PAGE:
Given that Thomas Nevin was partial to a drink, inebriation being the chief reason he was dismissed by the Police Committee from his position of Town Hall keeper in December 1880, the Old Bell Hotel was the closest public bar to his studio during the 1870s. Thomas Nevin was still alive in 1920 (d. 1923) when the hotel, known as the Old Bell, was delicensed, so he may have contributed to this story that Marcus Clarke drank there while writing his famous novel, published in 1870 after a visit to the derelict prison at Port Arthur on the Tasman Peninsula. … More Marcus Clarke and Thomas Nevin at the Old Bell Hotel 1870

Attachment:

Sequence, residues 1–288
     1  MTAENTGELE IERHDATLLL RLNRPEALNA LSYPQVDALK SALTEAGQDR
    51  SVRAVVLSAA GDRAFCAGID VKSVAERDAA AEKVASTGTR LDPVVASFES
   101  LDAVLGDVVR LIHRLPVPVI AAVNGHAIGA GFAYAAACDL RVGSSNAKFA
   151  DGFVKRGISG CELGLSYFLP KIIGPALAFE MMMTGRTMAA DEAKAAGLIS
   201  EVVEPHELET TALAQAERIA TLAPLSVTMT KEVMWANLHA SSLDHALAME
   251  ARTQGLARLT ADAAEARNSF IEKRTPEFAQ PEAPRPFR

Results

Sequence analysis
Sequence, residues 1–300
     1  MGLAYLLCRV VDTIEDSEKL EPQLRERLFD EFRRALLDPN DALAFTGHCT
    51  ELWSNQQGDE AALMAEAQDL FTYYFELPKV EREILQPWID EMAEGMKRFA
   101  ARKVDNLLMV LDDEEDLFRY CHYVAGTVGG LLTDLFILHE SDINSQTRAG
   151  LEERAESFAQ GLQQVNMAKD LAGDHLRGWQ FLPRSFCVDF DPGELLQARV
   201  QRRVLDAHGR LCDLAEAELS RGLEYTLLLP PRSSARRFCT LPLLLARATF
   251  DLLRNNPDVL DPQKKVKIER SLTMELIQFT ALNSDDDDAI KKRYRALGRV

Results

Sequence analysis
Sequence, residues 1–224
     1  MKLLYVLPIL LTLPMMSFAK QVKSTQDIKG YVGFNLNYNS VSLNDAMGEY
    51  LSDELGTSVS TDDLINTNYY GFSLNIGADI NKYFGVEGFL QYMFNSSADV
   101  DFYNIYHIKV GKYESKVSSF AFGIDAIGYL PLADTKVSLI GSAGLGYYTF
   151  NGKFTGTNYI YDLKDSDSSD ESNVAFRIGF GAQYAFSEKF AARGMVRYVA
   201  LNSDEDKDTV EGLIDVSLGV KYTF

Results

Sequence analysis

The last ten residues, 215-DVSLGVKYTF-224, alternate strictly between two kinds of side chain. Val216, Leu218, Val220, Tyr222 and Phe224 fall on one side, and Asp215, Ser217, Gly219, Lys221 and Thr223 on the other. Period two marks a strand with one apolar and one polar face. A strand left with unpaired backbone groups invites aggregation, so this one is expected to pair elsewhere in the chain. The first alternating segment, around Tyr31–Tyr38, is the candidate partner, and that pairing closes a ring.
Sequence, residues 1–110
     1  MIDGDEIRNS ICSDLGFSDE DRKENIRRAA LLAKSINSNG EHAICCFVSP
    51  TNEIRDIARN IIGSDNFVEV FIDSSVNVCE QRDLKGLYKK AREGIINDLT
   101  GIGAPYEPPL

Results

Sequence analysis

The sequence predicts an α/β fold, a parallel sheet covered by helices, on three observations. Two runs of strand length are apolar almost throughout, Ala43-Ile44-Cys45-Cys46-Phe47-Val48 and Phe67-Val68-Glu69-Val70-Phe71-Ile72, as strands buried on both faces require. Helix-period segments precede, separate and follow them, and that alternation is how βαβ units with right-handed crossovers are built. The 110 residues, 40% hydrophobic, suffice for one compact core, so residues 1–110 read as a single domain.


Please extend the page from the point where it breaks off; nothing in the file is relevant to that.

One of Thomas Jeffries’ distinguishing physical features was the sixth finger on his right hand which earned him the ironic moniker of “five-fingered Tom”. Mugshots showing hands was a feature of police photographs of prisoners in some jurisdictions such as New Zealand around this date, but not until the late 1880s in single mugshots of Tasmanian prisoners, when the frontal gaze had also become the standard pose, thought not consistent until the 1890s where the two-shot system of full frontal and profile photographs was introduced (after Bertillon). For example, in these two photographs of Francis Shearan taken by Nevin at the Hobart: the 1877 booking shot shows the hands and the full frontal gaze, but the shot taken on sentencing and incarceration betrays the classic 1870s studio portraiture technique typical of Nevin’s commercial practice. … More Prisoner Thomas JEFFRIES, aka five-fingered Tom
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